Current judicial reform in Poland is sparking protests and causing an uproar throughout Poland. It has caused judges to say they have lost faith in the judicial system, with many saying the judicial changes are a threat to the nation’s democracy. The European Union has chimed in to call the shakeup a threat to democracy as well, as the New York Times wrote.

As the Times article reported nearly half the country’s judges in the Constitutional Tribunal, the nation’s other top court, said the judiciary has become politicized and dysfunctional. They also cast doubt over the validity of judicial rulings made in the last two years.

The fallout is a result of conflicts between Poland’s two highest courts on one hand, and the government, on the other hand. In Poland, the final say in the judicial system is divided between the Supreme Court and the Constitutional Tribunal.

The Stefan Batory Foundation, a nonpartisan group dedicated to promoting civic virtues, said the crisis began when in 2015 the Law and Justice party came into power, and the party targetted the justice system to eliminate the judicial system’s ability to check the government’s power.

“The government checkmated the tribunal’s majority in three moves,” the authors wrote. It refused to seat judges appointed by the previous party, installed its own judges and then refused to recognize the rulings of the court until its majority had been installed.

“The Constitutional Tribunal was turned from a guarantor of the constitutionality of laws into a hapless bystander within a few weeks,” a report from the Stefan Batory Foundation said.

Then the ruling party decided to purge the Supreme Court by lowering the retirement age. About 27 of the 72 Supreme Court judges were forced to file for retirement, or get a reprieve from the President when the nationalist government reduced the retirement age from 70 to 65. But Justice Malgorzata Gersdorf, president of the Supreme Court, refused to retire, saying the new age condition is illegal and unconstitutional.

Constitutional Tribunal Judges Say Court No Longer Independent, but Politicized

Normally the Constitutional Tribunal would settle the issue of the Supreme Court age change, but Justice Gersdorf and several of her colleagues said the Tribunal had become politicized and dysfunctional and was not fit to settle the issue.

When on Thursday, seven of the 15 members of the Constitutional Tribunal signed a letter declaring that the Tribunal “had ceased to function properly under the leadership of its current president, Justice Julia Przylebska” Poland was further thrown into chaos and crisis.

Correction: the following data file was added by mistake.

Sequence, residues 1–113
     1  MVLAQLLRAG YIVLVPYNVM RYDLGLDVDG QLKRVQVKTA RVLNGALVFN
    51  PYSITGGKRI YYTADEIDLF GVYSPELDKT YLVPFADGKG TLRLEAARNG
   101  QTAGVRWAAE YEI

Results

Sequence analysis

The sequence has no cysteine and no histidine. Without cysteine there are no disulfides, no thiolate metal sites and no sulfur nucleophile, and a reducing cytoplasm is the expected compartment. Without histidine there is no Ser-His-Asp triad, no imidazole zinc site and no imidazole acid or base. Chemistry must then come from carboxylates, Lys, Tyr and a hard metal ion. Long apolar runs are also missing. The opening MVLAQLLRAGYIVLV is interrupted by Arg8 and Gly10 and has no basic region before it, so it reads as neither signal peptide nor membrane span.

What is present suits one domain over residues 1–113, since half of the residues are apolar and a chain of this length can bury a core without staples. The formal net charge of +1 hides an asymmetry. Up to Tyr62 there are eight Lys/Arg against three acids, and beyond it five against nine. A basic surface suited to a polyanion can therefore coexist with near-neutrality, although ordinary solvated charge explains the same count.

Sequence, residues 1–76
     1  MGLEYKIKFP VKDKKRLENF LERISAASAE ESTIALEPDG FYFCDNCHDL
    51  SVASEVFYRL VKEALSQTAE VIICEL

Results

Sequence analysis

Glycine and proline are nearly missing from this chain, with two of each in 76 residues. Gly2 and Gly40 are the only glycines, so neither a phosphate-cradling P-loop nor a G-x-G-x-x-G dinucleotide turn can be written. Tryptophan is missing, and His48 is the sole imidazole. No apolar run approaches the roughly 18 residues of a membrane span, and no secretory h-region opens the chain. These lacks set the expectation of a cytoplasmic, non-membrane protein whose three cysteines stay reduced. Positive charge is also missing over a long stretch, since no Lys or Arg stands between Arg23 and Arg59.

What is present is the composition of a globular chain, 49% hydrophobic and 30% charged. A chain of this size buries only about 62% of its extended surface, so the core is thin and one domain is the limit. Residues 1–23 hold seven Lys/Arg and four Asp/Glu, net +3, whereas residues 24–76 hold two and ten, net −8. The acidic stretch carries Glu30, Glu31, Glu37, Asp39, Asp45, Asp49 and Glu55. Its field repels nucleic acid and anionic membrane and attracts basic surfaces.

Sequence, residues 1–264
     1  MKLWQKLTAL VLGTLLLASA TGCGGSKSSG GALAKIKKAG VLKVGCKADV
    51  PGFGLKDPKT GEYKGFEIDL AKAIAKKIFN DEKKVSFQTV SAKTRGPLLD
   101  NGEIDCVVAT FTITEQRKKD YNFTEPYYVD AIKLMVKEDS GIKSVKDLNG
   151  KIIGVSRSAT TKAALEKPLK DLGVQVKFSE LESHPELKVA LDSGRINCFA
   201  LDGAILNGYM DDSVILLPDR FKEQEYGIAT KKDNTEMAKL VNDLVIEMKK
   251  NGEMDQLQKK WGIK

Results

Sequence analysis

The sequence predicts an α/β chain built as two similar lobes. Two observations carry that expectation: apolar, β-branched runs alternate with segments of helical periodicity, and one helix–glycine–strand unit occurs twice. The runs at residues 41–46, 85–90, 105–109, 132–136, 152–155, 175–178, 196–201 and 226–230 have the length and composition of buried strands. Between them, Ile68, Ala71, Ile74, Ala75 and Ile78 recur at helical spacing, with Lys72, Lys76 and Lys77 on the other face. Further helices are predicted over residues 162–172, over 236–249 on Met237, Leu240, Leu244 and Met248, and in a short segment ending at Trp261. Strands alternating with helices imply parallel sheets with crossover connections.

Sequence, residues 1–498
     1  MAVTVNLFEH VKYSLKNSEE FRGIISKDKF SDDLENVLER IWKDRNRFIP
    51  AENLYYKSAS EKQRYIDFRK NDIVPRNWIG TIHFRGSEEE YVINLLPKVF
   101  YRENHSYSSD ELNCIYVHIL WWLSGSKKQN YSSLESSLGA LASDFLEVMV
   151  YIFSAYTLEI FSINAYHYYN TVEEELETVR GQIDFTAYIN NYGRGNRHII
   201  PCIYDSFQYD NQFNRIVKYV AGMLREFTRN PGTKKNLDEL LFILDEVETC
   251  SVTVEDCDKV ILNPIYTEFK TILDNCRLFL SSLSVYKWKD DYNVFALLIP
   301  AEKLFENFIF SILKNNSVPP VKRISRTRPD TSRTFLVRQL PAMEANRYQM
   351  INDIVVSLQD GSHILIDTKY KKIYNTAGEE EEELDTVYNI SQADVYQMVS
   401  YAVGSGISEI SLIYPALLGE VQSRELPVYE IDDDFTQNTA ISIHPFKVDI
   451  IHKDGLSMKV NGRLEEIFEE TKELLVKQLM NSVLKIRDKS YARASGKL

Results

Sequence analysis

Justice Przylebska was installed by the nationalist ruling party, Law and Justice; however, judges under her accuse her of setting up panels to decide cases based on an effort to create pre-determined outcomes. Poland’s President Andrzej Duda installed Justice Przylebska as the president of the Constitutional Tribunal, a newly created position by the Law and Justice party. She reorganized how panels of judges were assigned to cases, while also bringing in three judges earlier disapproved by the court. This created a furor among other tribunal judges, accusing her of selecting judges for top cases based on party loyalty.

Even justices appointed to their position by the Law and Justice party signed the letter condemning the partisan nature of the Tribunal.

“It is quite extraordinary to see members of a court so outraged by the behavior of their leadership to issue such a letter,” said Sarah H. Cleveland, a professor at Columbia Law School, to the New York Times.

Nationalist Government Says They Won’t Respect Any Decisions of the European Court

“All those stories about its nonfunctioning, about it being some sort of facade, about the illegitimately appointed president of the Tribunal, are simply gibberish,” Justice Przylebska said in a reply to her critics.

The President of the Supreme Court, Justice Gersdorf, is now looking to the European Court of Justice for intervention. The European Court of Justice has given Poland one month to present its case, but Polish Justice Minister Zbigniew Ziobro revealed that the Polish government would not respect any decisions made by the court.

“I am convinced that the Court of Justice of the European Union is neither competent nor proper and thus may not make statements on the judiciary reform in Poland, or any other E.U. country for that matter,” Justice Minister Zbigniew Ziobro said.

 

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